1. Strict part-writing instills the broader concept of balancing the horizontal and vertical dimensions of music. Composers of every style and time period confront this challenge, and performers and conductors need to consider it as well. Strong melodies and strong chord progressions both want to dominate the musical texture. Managing these two competing elements requires craft and compromise. Part-writing develops this skill, which is then easily adapted to styles beyond common-practice harmony. 
  2. Functional part-writing is part of a complete toolbox of compositional techniques. If someone doesn’t understand a rule, then “breaking” it is meaningless. Learning to part-write means also learning the distinctive sounds that result when the rules *aren’t* followed. As Hawley Ades says in Choral Arranging"The experienced arranger will not be rigidly confined by these rules in all situations, but they should be carefully observed by the beginner. Gradually he will recognize with assurance those situations in which these principles may be safely disregarded."
  3. The terminology of part-writing permeates how we talk about music of other styles. Learning the language allows you to communicate more effectively about whatever music is in front of you. For example, right now I’m mixing an album of my original jazz compositions - pretty stylistically far from Haydn and Beethoven. And yet, the mix notes I send to our engineer say things like:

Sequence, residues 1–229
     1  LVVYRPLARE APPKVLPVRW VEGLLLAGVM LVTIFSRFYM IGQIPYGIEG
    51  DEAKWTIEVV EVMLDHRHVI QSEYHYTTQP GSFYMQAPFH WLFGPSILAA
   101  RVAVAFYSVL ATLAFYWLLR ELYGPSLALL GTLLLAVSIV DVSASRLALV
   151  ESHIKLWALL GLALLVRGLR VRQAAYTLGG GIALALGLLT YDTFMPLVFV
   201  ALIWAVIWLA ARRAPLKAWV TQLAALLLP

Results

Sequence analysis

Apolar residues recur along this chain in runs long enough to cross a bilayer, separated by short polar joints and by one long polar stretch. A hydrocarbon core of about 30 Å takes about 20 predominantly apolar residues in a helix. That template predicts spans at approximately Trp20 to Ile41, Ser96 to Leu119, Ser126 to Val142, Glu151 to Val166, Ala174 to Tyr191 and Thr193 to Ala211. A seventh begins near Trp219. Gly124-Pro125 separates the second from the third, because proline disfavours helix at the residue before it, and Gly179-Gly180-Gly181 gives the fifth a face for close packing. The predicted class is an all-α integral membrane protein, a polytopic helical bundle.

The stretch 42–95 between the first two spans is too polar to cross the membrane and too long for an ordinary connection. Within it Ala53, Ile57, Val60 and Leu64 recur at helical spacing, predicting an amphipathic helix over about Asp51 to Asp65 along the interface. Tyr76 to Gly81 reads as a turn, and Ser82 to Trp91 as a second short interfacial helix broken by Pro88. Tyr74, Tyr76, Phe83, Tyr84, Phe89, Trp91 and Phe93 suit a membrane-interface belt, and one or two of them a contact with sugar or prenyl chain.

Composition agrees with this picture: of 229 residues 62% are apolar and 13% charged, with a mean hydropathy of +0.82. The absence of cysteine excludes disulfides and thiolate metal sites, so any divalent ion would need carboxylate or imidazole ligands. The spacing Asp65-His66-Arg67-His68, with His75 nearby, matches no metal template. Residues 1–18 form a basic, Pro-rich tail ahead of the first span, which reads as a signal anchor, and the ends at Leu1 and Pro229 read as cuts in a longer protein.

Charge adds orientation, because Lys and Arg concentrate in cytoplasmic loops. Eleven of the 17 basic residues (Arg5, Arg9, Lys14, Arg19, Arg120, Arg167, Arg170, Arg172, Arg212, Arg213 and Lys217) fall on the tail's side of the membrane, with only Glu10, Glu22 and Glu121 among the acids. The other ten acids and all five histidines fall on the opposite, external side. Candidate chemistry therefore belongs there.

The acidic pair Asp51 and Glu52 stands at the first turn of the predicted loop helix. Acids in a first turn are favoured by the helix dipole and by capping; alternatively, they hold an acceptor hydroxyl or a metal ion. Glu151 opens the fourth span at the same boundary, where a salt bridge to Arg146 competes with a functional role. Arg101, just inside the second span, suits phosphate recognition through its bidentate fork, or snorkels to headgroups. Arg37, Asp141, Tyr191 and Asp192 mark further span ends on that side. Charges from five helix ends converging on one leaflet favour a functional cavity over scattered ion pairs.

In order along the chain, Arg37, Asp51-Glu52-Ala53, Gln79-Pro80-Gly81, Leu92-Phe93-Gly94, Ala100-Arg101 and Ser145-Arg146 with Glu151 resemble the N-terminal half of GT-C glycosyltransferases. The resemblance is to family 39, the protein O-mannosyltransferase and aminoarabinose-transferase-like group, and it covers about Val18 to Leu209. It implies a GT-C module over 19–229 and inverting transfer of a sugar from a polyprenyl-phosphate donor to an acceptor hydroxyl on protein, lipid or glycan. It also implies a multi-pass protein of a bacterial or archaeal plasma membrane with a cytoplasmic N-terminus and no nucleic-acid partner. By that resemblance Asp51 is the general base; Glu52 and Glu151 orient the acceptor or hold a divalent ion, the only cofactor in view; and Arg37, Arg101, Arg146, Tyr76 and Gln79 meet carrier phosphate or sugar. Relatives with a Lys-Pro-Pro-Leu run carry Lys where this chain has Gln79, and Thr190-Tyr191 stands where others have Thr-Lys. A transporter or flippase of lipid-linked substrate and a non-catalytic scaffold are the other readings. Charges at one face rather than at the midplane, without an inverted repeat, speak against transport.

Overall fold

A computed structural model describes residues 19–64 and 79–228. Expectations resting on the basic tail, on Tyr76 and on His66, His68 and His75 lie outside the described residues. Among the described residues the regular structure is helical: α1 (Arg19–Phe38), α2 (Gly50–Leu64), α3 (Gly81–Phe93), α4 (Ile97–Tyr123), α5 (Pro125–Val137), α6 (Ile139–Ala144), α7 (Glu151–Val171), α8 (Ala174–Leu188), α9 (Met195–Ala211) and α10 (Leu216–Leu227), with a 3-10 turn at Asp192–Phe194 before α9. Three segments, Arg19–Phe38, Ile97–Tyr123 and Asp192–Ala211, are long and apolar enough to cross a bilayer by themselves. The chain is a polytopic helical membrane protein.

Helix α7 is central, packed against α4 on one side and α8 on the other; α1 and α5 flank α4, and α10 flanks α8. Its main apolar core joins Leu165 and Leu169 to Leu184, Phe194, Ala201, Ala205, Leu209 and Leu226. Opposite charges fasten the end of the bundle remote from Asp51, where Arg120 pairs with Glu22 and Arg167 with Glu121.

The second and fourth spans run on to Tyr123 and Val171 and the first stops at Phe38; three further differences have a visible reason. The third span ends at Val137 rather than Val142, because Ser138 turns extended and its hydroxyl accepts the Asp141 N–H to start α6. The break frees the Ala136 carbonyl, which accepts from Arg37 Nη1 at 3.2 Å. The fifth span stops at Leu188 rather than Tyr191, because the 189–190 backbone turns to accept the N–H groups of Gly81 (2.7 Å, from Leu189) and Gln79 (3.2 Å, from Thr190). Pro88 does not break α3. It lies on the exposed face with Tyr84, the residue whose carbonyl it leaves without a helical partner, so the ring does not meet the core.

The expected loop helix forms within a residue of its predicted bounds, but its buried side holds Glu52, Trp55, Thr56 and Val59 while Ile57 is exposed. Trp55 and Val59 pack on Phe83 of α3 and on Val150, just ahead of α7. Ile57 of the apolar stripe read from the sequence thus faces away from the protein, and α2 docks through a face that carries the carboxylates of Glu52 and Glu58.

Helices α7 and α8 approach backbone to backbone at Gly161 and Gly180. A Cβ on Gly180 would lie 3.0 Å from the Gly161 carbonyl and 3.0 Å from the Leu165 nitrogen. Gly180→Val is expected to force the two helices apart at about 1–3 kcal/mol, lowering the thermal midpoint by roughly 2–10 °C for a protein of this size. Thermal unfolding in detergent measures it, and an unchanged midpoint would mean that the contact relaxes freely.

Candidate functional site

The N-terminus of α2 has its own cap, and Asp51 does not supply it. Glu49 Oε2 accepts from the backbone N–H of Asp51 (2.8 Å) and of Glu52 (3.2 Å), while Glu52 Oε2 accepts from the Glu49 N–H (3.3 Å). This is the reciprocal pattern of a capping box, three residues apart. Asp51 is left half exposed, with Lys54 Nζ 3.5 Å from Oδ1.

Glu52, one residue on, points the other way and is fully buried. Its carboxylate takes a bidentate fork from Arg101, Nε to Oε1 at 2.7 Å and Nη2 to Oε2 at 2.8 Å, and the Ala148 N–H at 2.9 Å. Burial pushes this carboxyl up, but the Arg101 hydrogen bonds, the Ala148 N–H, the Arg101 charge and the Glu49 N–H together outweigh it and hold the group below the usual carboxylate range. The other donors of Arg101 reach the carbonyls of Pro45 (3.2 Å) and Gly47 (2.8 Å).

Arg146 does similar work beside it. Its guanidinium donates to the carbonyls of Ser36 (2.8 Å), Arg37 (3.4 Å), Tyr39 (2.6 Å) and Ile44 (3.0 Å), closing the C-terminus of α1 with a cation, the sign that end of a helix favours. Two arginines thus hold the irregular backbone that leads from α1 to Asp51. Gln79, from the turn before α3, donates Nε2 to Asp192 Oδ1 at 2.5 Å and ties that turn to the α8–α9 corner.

“The parallel octaves in the horns at 1:35 aren’t quite lining up.”

    “Let’s bring out the leading tone resolution in the bass during the
    C2/E-->Fma13 progression.”

    “The open-spaced triads in this section feel really sparse,
    do you think close voicings would be more effective?”

    This process is more efficient because we can both describe musical events by their specific names.
  4. Following the principles of voice-leading makes the performer’s job easier. Whether the music is for voices or instruments, it’s worthwhile to learn what makes a melodic line “singable.” Even though we derive these rules from a relatively old musical era, the part-writing guidelines for range, motion and melodic intervals are generally still followed in many different genres.

  5. Every musician (composers, conductors, performers, and anyone else) will be stronger if they can spell and recognize chords quickly. Part-writing demands this skill and places it into an immediate musical context. As I tell my students, your ability to spell chords is only as useful as your ability to do it immediately.

Part-writing is difficult for many students, but I think there is tremendous value in learning this skill, for the same reason that an aspiring novelist (or book reviewer, or English teacher, etc.) should know Shakespeare. Even though some of the stylistic elements won't apply to every situation, musicians-in-training should soak up the broad, rich musicianship that part-writing builds.